With a limited number of days remaining in which the California Supreme Court can hand down its monumental decision regarding the validity of Prop 8, the first murmuring has just been heard that tomorrow may be D-Day. (The story notes that police barricades are being moved into place in San Francisco, likely in anticipation of street actions there — protests or celebrations.)
As I live-blogged the argument, it seemed quickly evident that the court was going to uphold Prop 8 as a permissible amendment to the state’s constitution, but let stand the many thousands of marriages that had occurred during the several months of 2008 when same-sex marriages were legal. I still believe that’s what going to happen, but with all that’s been going on since then, there is some reason to question that outcome. Here are a few questions that the court may answer whenever it does issue its ruling:
(1) Things have changed since the oral argument, and at a speed no one could have predicted. Iowa, Vermont and Maine — soon to be followed by New Hampshire, it seems — now have marriage equality. Will the court acknowledge these developments, and, if so, what impact will they have on the justices? My guess is that the court will express sympathy or empathy for the gay community (something no U.S. Supreme Court Justice is supposed to have, according to this fool) and celebrate these developments, but place its trust in the people to eventually extend the promise of equality — after all, the New England states mentioned above have achieved marriage equality legislatively, not by court order. This approach may make the court (and others?) feel better about what it’s doing.
(2) Whither willy-nilly? During the argument, Justice Kennard kept asking counsel opposing Prop 8 whether the court could “willy-nilly” disregard the will of the people. (In fact, she used the expression so often I was left wondering whether she’d just learned it.) I took her to mean that calling Prop 8 an impermissible “revision” to the state constitution rather than an allowable “amendment” would be an unprincipled, haphazard thing to do. But even Ken Starr, arguing for Prop 8, conceded that the case raised the unique issue of depriving a suspect class of a right that the court had declared fundamental. Thus, overturning it wouldn’t be “haphazard.” One could argue that Prop 8 really does constitute a fundamental change to the state’s constitution by restricting the court’s ability to interpret it. This argument blends almost seamlessly into the related point that Prop 8 purports to disrupt the established separation of powers — courts are the interpreters of constitutional guarantees. (The argument is summarized, and the brief linked, here. Scroll down to April 28.)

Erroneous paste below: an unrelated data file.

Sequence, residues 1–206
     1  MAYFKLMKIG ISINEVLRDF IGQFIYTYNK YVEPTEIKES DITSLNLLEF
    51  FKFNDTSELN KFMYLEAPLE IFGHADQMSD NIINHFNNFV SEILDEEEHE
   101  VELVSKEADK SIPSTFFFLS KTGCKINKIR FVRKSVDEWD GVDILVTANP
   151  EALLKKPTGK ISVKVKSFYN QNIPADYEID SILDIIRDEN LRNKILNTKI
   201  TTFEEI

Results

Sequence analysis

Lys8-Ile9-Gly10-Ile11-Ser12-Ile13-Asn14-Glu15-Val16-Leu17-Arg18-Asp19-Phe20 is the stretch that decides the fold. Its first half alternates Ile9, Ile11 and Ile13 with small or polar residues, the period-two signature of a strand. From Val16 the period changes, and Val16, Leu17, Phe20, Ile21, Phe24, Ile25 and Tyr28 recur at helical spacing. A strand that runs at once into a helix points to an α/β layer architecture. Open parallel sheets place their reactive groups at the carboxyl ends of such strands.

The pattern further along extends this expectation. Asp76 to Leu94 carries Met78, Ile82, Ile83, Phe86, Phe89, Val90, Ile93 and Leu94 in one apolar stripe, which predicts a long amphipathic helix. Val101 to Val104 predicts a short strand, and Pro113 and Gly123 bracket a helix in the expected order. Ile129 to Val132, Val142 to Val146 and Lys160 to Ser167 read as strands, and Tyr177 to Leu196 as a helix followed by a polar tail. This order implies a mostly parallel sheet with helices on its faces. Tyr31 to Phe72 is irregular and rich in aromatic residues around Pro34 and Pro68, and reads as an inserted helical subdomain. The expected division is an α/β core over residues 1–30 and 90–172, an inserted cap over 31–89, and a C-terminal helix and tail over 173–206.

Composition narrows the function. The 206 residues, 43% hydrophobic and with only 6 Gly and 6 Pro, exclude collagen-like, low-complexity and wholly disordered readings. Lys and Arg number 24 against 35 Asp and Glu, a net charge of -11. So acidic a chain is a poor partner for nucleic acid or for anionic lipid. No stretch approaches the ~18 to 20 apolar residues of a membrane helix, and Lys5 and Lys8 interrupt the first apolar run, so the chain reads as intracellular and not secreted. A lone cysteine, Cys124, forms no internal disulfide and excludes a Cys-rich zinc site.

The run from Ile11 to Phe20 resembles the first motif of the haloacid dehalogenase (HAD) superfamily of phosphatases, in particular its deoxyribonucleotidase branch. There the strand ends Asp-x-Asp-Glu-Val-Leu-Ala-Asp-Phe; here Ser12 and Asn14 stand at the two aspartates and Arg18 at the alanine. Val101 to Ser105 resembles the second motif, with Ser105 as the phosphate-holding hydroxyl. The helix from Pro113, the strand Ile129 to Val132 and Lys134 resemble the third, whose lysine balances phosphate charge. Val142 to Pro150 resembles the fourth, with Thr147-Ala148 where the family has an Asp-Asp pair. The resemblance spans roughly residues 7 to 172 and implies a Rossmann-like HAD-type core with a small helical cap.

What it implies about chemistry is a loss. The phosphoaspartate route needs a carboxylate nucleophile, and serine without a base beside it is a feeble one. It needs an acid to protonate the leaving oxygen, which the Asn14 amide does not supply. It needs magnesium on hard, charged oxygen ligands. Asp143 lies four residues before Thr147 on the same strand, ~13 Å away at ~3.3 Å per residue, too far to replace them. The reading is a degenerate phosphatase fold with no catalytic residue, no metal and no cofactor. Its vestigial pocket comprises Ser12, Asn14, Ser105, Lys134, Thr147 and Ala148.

(3) What will the court say about taking rights from a class that, just last year, it had declared to be entitled to the highest degree of protection? This question is obviously closely tied to the last one. The court’s decision to treat sexual orientation as a “suspect class” that triggers the highest level of judicial scrutiny (suspicion, really) was based on its finding that the gay community had historically been subject to discrimination, that laws treating the community differently bore no relation to the ability to contribute to society, and that gays were historically powerless. Do subsequent developments make those observations less true, and reduce the need for heightened protection? If not, then the class is still suspect, and the rights are still fundamental. Can a simple majority vote change that?
(4) Another related question is whether any of the justices who opposed marriage equality last year might change their vote. This seems unlikely, but a justice who is especially respectful of stare decisis — which says, in layperson’s terms, that the court should respect its own precedents, overruling them only under exceptional circumstances — might look at matters this way: “I didn’t think that sexual orientation called for heightened scrutiny, but we (over my dissent) held that it did. That’s now the law and I’m bound to respect it. And if sexual orientation is a suspect class, and if same-sex couples have a constitutional right to marry, which we also held (again, over my dead… — I mean, over my dissent), then that right can’t be taken away so easily, if at all.”
Don’t expect this to happen, though. Stare decisis is like a raincoat that justices don and doff according to the prevailing weather.
(5) How ugly is it going to get?
(I’ll be back with a lay summary of the opinion shortly after it’s issued.)
Update: It’s now been confirmed that the opinion will not issue tomorrow. The court must issue the opinion within the next two weeks, though. I will supplement this post shortly before the decision issues, and then again to summarize and reflect on the opinion.